"You two look as though you're rehearsing for the role of Cheetah."
"That's so funny I may laugh next week."
"I've never seen you eating bananas," he said mildly. "You're usually eating chips and dip, or pizza, or fries and bacon cheeseburgers. Bananas are healthy."
Caron stuffed the last of hers into her mouth. "Inez and I happen to be on a diet, if you must know."
Peter may have caught a glimpse of my smile, but he assumed the expression of one patently impressed by this manifestation of self-discipline. "That's admirable, but also somewhat of a shame, girls. I spotted a new pizza place out on the highway, and dropped by to invite all of you out for dinner. You two can split the supreme with seven toppings. Claire and I lack the wild abandon of youth, but perhaps we'll risk pepperoni and Italian sausage."
"Make him stop, Mother," Caron said.
"With extra cheese," he continued. "The real gooey kind that you have to rip off with your teeth."
I patted his arm. "You mustn't tempt them; they're terribly sincere about this fruit regime. Let's leave them to their bananas and try the pizza place ourselves. Furthermore, we can throw octagenarian caution to the wind and order a supreme. If you agree to skip the anchovies, I'll yield on the issue of black olives."
While we negotiated the terms, Caron and Inez whispered intently to each other. Peter and I were on our feet when Caron said, "Inez and I have concluded that it's pointless to begin a diet at night. We're not going to realize the full benefit of the banana day when we've already had all kinds of junk for breakfast and lunch. This diet is meant to be started in the morning."
"So our systems can absorb the potassium," Inez added, her eyes blinking like strobe lights.
"First thing tomorrow morning we'll begin the diet," Caron said firmly.
Inez sounded a shade more dubious as she said, "And have nothing but the allotted six bananas and twelve glasses of water."
"And not one bite of anything else."
On that rationale, we went for pizza.
The following morning I left Caron snoring gently under a comforter and a dozen stuffed animals, and went to do that which makes a minuscule yet nevertheless sincere dent in the national deficit. Saturdays are fairly good for fiction and a smattering of magazines, although the college students remain complacent on weekends and wait until midweek to dash in for study aids. My favorite aged hippie came in for the latest science fiction epic, and we had a grave conversation about the current trend toward fantasy versus old-fashioned carnivorous aliens determined to eat the inhabitants of any or all world capitals. My favorite cop came by with sandwiches. We were discussing various inconsequential things when his beeper beeped. He made a call to headquarters, cast a plaintive look at the remaining half of a turkey on rye, and went away to play detective. In that I am not a snoopy, meddlesome sort, I merely waved and agreed to a movie that night.
I was rearranging the dust in my tiny office and attempting to sneeze my nose off my face once and for all when Joanie called my name from the front of the store. Brushing at my cheeks, I went to see if she was going to allow me to weasel out of her tea party. She was not. "Good heavens," she murmured, "you look as if you just rode in from a cattle drive. In any case, I wanted to remind you that Maribeth is coming at three o'clock tomorrow, and I'm so thrilled that you and the girls will have the opportunity to meet her. She's a dear, dear girl."
"She's a friend of your daughter's?"
"They met at summer camp when they were twelve, and they were close friends until Maribeth went back east to attend a rather posh, exclusive school. My daughter insisted on a school closer to home." Joanie wandered over to the science fiction rack, but she kept shooting odd little looks over her shoulder at me. "Maribeth has a problem," she said at last.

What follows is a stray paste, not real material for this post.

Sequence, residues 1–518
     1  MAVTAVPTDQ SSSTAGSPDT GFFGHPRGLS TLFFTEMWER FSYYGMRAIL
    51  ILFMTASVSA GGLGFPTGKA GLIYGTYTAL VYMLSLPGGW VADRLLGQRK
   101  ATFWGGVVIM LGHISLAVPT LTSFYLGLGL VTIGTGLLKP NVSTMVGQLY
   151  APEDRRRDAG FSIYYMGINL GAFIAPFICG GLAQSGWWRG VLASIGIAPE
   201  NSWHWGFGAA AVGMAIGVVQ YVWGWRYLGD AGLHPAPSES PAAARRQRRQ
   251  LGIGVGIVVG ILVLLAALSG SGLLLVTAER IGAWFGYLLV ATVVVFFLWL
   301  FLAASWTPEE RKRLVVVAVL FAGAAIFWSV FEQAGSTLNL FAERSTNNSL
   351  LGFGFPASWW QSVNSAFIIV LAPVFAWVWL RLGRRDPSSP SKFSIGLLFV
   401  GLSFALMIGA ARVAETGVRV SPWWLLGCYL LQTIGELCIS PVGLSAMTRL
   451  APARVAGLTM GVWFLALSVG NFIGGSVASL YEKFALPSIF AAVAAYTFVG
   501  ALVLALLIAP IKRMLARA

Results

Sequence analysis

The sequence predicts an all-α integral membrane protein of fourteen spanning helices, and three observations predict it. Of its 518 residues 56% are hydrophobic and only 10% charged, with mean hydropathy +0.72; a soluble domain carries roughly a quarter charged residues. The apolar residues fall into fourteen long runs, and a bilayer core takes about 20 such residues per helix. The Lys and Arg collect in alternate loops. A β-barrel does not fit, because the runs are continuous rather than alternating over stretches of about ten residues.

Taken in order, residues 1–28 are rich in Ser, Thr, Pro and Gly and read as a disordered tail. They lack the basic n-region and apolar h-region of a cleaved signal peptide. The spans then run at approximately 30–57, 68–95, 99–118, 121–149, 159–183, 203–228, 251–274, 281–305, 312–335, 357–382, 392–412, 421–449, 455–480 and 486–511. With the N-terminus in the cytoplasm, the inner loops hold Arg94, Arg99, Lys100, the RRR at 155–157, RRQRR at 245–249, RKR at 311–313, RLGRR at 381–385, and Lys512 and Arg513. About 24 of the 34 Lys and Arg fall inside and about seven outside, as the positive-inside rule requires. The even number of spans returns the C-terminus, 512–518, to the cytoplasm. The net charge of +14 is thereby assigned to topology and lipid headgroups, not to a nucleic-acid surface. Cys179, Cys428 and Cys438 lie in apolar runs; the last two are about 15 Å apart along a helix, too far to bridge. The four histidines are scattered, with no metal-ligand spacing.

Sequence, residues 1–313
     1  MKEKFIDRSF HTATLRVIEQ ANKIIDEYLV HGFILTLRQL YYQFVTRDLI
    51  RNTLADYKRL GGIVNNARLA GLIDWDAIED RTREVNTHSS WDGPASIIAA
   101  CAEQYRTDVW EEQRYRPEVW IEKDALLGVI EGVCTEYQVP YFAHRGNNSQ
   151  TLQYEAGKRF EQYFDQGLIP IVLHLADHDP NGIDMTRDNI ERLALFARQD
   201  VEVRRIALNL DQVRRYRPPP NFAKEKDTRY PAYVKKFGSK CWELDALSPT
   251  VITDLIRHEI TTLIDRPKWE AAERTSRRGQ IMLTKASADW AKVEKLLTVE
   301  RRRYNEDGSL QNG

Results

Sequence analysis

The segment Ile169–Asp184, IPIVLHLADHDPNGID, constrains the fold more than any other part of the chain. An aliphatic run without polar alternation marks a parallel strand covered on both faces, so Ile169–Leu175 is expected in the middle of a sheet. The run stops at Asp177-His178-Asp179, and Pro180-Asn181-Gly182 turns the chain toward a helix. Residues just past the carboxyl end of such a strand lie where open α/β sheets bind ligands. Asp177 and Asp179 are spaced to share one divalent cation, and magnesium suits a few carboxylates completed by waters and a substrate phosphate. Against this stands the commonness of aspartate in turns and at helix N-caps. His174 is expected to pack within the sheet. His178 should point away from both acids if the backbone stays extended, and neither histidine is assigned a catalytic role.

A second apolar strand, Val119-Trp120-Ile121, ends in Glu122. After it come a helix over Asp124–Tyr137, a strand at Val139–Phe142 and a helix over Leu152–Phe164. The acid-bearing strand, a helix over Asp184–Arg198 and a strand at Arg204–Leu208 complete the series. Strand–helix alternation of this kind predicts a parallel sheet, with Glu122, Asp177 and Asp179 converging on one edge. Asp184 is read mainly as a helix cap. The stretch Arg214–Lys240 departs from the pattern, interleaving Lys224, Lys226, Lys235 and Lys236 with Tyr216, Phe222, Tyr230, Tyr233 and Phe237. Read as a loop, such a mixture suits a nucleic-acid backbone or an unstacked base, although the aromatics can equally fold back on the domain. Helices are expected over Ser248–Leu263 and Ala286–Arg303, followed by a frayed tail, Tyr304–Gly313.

"So do I," I said promptly. "My bank account. I'm supposed to send in my quarterly self-employment tax by the fifteenth, and I doubt those guys will accept an IOU and half a book of trading stamps."
"Maribeth has a serious problem, Claire, and you're just the one to help her."
"I don't even know her," I said, backing toward the sanctuary of my office, where the danger, in the form of rodents and an allergic reaction to the dust, was more tangible.
"But you will tomorrow. That's why I invited you." She picked up a paperback, then settled it back on the rack and began to stalk me down the aisle. "Maribeth, needs to get out, to meet people and do things. She's been back in Farberville for nearly eleven months, and I don't think the poor thing has spoken to a dozen people. She stays home all day every day, just doing housework and watching those silly soap operas on television. What kind of life is that for twenty-nine-year-old woman?"
I kept moving backward. "Maybe the life she prefers?"
"Nonsense. She's very shy, that's all. Her husband teaches business law at the college, but he's made no effort to include her in the department's social functions. In fact, I suspect he wants her to stay home and iron his shirts. It's important that you and I help her out of her pathetically lonely existence."
We were past the study aids and closing in on the young adult fiction. "If she's married, then it might be a mistake for outsiders to interfere in their relationship," I said, although without much optimism. I'd seen enough of Joanie to know that when she smelled a good cause, she was as stoppable as a freight train coming down a mountainside. "And she really may prefer to stay home. Some people do."
Excerpted from A Diet to Die For by Joan Hess. Copyright © 1989 Joan Hess. Excerpted by permission of St. Martin's Press.
All rights reserved. No part of this excerpt may be reproduced or reprinted without permission in writing from the publisher.
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"Hess's books are funny, acerbic, touching, terrific."Elizabeth Peters
"Hess goes about things in a lively style. Her heroine, Claire Malloy, has a sharp eye and an irreverent way of describing what she sees."The New York Times Book Review
Claire Malloy brings you right into her bookstore, her home, and the thick of her adventures. The mystery is the icing on the cake.